In 2003, just as scientists were putting the finishing touches on the human genome mapping project, and while 32 countries struggled to stop the spread of SARS, a single domestic case of Bovine Spongiform Encephalopathy (BSE) was detected on an Alberta farm, closing international borders to Canadian beef and cattle sales for almost two decades.
On May 27, 2021, a long awaited announcement came that Canada’s BSE risk had been downgraded from controlled to negligible, opening the door to new international trade possibilities for beef producers. We had a chat with veterinarian Dr. Roy Lewis and ABP Chair Dr. Melanie Wowk about what this news means for beef producers and our industry going forward.
ABP Chair Dr. Wowk raises a commercial cow-calf herd near Beauvallon and notes that the change in risk status is set to create benefits for the whole Canadian industry. “The change is good news we’ve waited 18 years for. It’s good for producers in terms of demand, it opens trade doors internationally, and it reduces costs for packers, and hopefully that will be reflected in pricing,” she says.
Here at home, things may not look different right away, says Dr. Lewis, who has been a large animal veterinarian in Alberta for 40 years. “On a day to day basis, it’ll be business as usual—the sampling quota hasn’t changed,” he says.
But, Dr. Wowk adds, “The good news is we’re now more on par with what the Americans are doing, and hopefully the benefits of that will trickle down to producers here in Alberta.”
The BSE story has had high and low points. On the low side, since the outbreak began, about 26,000 beef producers have left the industry, and over two million acres of pasture have been converted to other uses, according to the Canadian Cattlemen’s Association (CCA).
On the high side: when global trade borders closed, Canadian consumers demonstrated their trust in our product by consuming more. Also, when BSE threatened the industry, producers, packers, animal health experts and government came together, finding novel ways to cooperate.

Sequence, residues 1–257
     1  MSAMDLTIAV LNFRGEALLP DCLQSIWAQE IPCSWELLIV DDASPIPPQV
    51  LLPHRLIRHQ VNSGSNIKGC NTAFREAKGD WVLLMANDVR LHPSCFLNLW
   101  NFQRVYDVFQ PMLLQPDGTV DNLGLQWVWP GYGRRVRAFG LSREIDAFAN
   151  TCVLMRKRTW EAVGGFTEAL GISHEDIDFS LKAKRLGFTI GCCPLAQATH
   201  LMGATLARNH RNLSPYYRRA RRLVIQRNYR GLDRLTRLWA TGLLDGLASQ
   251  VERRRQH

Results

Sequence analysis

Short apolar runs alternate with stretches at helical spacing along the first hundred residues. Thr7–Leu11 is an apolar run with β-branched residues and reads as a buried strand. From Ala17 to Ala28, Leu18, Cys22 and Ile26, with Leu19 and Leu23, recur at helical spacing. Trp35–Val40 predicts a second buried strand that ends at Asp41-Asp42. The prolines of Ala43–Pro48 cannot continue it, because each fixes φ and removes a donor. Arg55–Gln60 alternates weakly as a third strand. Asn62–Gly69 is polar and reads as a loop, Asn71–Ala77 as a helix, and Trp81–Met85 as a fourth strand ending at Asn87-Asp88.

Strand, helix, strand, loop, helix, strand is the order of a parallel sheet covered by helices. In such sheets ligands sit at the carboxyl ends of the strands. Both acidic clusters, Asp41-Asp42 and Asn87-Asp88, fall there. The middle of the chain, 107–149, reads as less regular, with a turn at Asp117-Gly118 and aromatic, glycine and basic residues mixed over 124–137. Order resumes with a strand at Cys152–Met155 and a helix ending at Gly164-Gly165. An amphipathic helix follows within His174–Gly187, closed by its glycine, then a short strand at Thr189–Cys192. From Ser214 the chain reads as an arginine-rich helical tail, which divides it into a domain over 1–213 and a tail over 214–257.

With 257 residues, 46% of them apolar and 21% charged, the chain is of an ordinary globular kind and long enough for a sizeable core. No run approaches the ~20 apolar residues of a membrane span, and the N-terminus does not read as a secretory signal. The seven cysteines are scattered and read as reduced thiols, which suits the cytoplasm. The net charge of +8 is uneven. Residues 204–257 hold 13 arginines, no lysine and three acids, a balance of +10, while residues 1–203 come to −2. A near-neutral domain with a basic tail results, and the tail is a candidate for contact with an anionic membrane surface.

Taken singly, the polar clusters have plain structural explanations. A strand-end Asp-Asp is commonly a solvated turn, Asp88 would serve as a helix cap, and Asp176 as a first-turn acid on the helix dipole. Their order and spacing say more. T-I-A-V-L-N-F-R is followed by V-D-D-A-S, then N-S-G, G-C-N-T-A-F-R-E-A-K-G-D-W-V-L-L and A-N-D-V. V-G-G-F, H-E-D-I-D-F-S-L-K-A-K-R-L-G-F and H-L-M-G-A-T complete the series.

“The good news was doing the testing to gain everybody’s confidence, not leaving any rock unturned looking for it, and jumping through the hoops to get to where we were able to export to all the main countries again,” Dr. Lewis says.
Alberta producers raise the best beef in the world, and we expect that will translate into increasing exports as BSE era restrictions are removed.
“The negligible BSE-risk status is an important step to help Canada secure and negotiate access to those countries that have been holding out for Canadian beef products,” said Chris White, president of Canadian Meat Council, recognizing the collaborative efforts of industry and government in achieving these results.
“It puts Canada on par with its trading partners, increasing marketing opportunities internationally. There are a lot of countries we haven’t been able to penetrate since BSE, and hopefully we now can,” Wowk says.
According to the Canadian Food Inspection Agency (CFIA), Canada traded 425,109 metric tons of beef to 53 countries in 2020, valued at $3.3 billion. With increased market access, the hope is those numbers will increase. The CCA intends to seek protocol changes based on the reduced risk status country-by-country, said Bob Lowe, CCA president.
The countries that will re-open to Canadian beef are mostly smaller markets, but it all adds up. “They weren’t huge trading partners before, but collectively they add up to quite a bit, so that is a good thing,” Dr. Lewis says.
One benefit we can look forward to is the realigning of beef processing requirements to international recommendations. Higher requirements placed on Canadian packers because of BSE created a significant economic disadvantage for our beef products.
For example, Canadian beef processors remove about 60 kilograms of specified risk materials (SRMs) for disposal, while American plants remove only about half a kilogram, according to Bob Lowe. SRMs have been banned as ingredients in cattle feed since 2008. Canadian plants will hopefully be able to return to the short list for SRM removal.